In other words ‘bad loans’ are still not being treated as theft. In fact, recently, the RBI opened up the NPAs to foreign trading. Foreign money, a lot of which cannot be effectively traced because of the maze of shell companies in tax havens through which such money is made to flow, can now be channeled to essentially buy and trade in what should be treated as ‘stolen goods’ (once we agree that NPAs are basically money stolen from people).
Where are the Regulators?
In any economy, it is the role of the regulators to firstly detect frauds and malpractices like these and secondly, to alert the market at large about the risks involved in such trading. But the Boards of Directors, and high-level management of the banks – the economic detectives who are supposed to look out for bank fraud and malpractice – have for long been puppets of big industries and big money. Like the Hazari Committee pointed out in the ‘60s itself, even so-called ‘public banks’ in India are effectively privately owned. M Narasimhan – one of the architects of the 90s reforms – later joined the Government, and also became the Governor of the RBI. After his short term as RBI governor, he worked as India’s Executive Director at the World Bank, and later at the International Monetary Fund. This trend has, only increased in current times. One of the most recent examples of the “revolving door” between Indian bankers and big global capitalists is the appointment of SBI MD Anshula Kant as the World Bank CFO and MD.
The outcome of these close ties between the banks and the regulators? In June 2018, just before the Infrastructure Leasing & Financial Services (IL&FS) group’s financial problems snowballed, media reports show that IL&FS Transportation Networks Ltd (ITNL), raised ₹186.11 crore in debt financing from KfW IPEX-Bank. This was a 13-year loan for the Rapid Metro South Extension Project in Gurugram. The company took this loan while it was fully aware that it was in no position to pay back the enormous amounts of money it had already taken over the years. However, even after the scandal and subsequent filing of bankruptcy of the company, the same bureaucrats who allowed such loans to flow in are still in place. Some have even been promoted.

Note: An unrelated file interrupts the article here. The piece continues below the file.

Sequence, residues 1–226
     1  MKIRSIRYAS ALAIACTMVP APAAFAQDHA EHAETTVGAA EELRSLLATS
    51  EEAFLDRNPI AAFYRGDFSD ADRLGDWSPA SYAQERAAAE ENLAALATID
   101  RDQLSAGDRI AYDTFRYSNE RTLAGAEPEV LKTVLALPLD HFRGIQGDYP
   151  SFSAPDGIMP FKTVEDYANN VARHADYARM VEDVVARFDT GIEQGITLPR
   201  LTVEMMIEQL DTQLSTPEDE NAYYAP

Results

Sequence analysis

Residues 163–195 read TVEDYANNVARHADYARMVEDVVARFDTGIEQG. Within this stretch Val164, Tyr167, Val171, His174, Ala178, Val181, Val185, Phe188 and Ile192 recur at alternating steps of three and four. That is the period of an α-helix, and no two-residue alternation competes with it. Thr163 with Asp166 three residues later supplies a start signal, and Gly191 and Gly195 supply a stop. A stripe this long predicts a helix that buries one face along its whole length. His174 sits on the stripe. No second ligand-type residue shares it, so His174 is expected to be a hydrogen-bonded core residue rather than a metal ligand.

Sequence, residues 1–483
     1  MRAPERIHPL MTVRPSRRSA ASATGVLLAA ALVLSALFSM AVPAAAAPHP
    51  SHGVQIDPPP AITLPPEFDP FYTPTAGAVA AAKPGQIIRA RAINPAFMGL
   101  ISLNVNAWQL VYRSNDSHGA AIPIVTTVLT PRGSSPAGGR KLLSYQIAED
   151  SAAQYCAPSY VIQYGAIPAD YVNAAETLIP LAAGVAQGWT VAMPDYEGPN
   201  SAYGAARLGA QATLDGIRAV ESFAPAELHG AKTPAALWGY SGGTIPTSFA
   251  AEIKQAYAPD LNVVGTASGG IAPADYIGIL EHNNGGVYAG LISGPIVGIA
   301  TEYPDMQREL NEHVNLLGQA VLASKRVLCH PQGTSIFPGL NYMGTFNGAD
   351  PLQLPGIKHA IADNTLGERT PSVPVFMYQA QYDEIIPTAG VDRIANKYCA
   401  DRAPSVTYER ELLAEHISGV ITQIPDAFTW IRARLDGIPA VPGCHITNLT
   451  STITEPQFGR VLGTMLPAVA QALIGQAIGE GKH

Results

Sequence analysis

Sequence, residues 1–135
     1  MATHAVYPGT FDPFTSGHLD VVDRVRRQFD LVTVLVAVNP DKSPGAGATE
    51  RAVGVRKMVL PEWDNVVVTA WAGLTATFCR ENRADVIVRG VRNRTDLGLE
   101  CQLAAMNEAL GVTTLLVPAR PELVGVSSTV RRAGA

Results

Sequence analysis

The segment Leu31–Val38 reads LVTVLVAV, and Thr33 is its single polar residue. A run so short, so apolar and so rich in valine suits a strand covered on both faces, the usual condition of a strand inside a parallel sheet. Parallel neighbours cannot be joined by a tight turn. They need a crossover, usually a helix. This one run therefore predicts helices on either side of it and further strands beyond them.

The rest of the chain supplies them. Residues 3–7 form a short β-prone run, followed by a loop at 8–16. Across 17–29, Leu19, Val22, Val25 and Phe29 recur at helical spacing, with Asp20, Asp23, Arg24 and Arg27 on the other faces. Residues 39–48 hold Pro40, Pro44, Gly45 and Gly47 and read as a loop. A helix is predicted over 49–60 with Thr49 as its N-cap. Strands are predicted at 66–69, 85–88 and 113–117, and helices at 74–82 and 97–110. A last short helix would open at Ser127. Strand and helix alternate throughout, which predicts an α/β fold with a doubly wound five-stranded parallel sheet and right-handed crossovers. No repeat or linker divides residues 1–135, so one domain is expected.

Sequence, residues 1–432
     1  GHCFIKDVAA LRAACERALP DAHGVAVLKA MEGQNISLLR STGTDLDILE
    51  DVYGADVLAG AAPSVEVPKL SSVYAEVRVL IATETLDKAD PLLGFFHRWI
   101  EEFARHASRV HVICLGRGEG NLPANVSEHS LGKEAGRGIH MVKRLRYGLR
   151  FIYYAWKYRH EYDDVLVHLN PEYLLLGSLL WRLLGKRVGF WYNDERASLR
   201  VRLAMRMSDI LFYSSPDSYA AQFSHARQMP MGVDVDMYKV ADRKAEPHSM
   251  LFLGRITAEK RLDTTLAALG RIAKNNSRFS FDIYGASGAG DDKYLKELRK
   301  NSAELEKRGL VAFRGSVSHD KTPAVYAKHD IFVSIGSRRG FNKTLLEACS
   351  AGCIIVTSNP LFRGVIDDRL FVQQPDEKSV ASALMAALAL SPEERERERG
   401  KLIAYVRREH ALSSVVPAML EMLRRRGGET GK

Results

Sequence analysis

CS Rajan, a former IAS officer and non-executive director of IL&FS for the last six months, has been appointed as IL&FS’ Managing Director. “A bunch of former IL&FS group directors and their relatives hold influential positions in the government. Some of them are directly involved in managing the crisis at the LIC-backed infrastructure group…. Ravi Parthasarathy, Arun Saha, K Ramchand, Ramesh Bawa were the core team taking all decisions for 346 entities of IL&FS!” says this report by the Center for Financial Accountability. These people are not ‘on the run’ fugitives like Nirav Modi and Vijay Mallya, but no case has been filed on any of them for fraud. The total outstanding debt of the infamously bankrupt IL&FS is nearly ₹1 lakh crore, and this money includes pension funds and mutual fund investments of middle-class Indians. Even the Army Group Insurance Funds (AGIF) has ₹210 crore of its money in the pockets of IL&FS. The IBC is merely re-branding the defaulters. No action is being taken on any of the physical people, who might have been behind the frauds [with only a few exceptions such as in the PMC Bank fraud case].
In the PMC Bank case, the Mirror Now report claims that the auditors for the bank did not classify the loans given to HDIL as ‘NPAs’ despite the real estate company repeatedly failing to make its repayments. The PMC Bank’s reserves are apparently only ₹ 1000 crores, while it gave a loan of ₹ 2500 crores to HDIL. In order for the RBI to consider an NPA as not a “complete loss”, the bank has to recover as little as 10% of the total bad loan, from its yearly profits. This is in fact the game that most banks are playing to keep afloat in this ocean of bad loans everywhere. However, the PMC Bank was not in a financial position to even do that.
The total amount of money stolen through bank frauds (the NPAs) is around ₹10 lakh crores according to estimates. How big is this amount? Even if 1% of this amount is used to buy off the MPs, each MP would still get around ₹ 17 crores personally. Overall, the IBC is hardly a process that can be trusted to bring justice to the perpetrators. It is more a process of “managing thefts”, and letting the bigger criminals swallow up the smaller ones.
The author is an education researcher.